Having full-time referees in Scotland would help cut down the number of mistakes made by officials, says Celtic manager Brendan Rodgers.
John Beaton's performance in Rangers' win over Celtic last month was the latest to come under criticism.
Celtic want a meeting with Scottish FA chief executive Ian Maxwell about the issue, with the governing body saying it would be happy to meet with clubs.
"They're being judged as professionals and they're not," Rodgers said.
"To improve and standardise everything, I think being full-time would certainly help. You can devote your time to it, you can analyse, you can have different relationships. It would be a starting point."
Both Aberdeen and Hearts have said they are willing to hep finance Video Assistant Referees and full-time officials, with the Scottish FA planning to meet with clubs to discuss a way forward.
Assistant referee Douglas Ross told BBC Scotland in December that making referees full-time would not stop controversy, and Rodgers acknowledged it would also be a challenge to recruit officials.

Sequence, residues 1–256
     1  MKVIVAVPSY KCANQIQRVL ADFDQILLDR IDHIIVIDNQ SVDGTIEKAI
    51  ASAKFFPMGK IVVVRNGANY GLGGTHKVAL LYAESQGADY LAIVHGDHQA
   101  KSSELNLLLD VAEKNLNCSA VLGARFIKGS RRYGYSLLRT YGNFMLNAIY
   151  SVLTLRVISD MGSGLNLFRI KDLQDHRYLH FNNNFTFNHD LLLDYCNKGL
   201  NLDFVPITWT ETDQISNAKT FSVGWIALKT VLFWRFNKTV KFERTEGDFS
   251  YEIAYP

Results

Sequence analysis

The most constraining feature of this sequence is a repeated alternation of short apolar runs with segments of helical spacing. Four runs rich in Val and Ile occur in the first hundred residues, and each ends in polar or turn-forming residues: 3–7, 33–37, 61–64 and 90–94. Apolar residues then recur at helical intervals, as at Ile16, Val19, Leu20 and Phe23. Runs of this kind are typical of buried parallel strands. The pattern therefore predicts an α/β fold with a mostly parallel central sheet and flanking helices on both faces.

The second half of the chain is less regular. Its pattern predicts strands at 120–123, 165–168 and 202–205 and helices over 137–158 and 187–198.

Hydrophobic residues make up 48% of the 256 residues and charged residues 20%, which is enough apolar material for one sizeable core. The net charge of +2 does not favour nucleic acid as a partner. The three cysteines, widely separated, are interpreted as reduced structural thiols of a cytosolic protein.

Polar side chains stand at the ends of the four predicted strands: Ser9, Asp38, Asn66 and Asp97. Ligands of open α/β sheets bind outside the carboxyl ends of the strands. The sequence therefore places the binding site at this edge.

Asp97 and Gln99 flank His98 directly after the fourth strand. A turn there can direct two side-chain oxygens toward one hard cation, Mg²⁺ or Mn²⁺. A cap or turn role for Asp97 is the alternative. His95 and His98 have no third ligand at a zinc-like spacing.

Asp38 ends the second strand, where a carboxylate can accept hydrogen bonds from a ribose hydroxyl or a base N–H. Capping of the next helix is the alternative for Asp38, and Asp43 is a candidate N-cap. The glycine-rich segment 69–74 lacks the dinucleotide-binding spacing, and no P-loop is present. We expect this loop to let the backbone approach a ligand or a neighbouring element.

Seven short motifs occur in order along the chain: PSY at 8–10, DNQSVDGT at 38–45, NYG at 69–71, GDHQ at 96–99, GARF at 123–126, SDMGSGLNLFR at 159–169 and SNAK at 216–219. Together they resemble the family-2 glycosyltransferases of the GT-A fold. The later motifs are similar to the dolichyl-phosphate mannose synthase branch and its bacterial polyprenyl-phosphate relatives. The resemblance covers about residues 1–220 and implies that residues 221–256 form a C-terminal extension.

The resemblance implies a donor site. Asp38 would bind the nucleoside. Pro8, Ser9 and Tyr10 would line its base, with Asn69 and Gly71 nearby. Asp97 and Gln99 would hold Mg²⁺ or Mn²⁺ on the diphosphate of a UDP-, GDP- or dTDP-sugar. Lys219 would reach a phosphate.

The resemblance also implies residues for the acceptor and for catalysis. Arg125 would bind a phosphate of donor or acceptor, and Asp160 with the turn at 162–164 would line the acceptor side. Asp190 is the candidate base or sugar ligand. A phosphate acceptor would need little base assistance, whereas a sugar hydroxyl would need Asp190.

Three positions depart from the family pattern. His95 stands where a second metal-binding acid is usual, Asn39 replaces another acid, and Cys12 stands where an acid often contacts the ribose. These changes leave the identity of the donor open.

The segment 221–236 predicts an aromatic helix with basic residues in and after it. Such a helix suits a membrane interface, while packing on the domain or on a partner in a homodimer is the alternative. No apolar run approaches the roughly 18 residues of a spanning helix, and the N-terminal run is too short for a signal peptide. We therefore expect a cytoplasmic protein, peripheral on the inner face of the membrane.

"I know it's difficult because some of these guys are probably in good jobs - they then have their money subsidised on top of that," the Celtic manager added.
"But I think it's something that really would help."
Following Celtic's defeat by Rangers, the club called on referee Beaton to be allowed to explain his decisions publicly.
Rangers striker Alfredo Morelos was cited for three separate incidents in the match at Ibrox, but because Beaton saw all three at the time no retrospective action could be taken.
The referee then had to be given a police escort to his next match after allegedly receiving threatening messages.
Rodgers condemned such "unacceptable" abuse and stressed the need to help officials.
"John will analyse the game himself and probably admit he didn't have the best of games," he said. "We all make mistakes. The follow up from a poor performance shouldn't mean you get a death threat.
"We can blame and we can look at VAR and everything else, but there's just been some poor decisions made."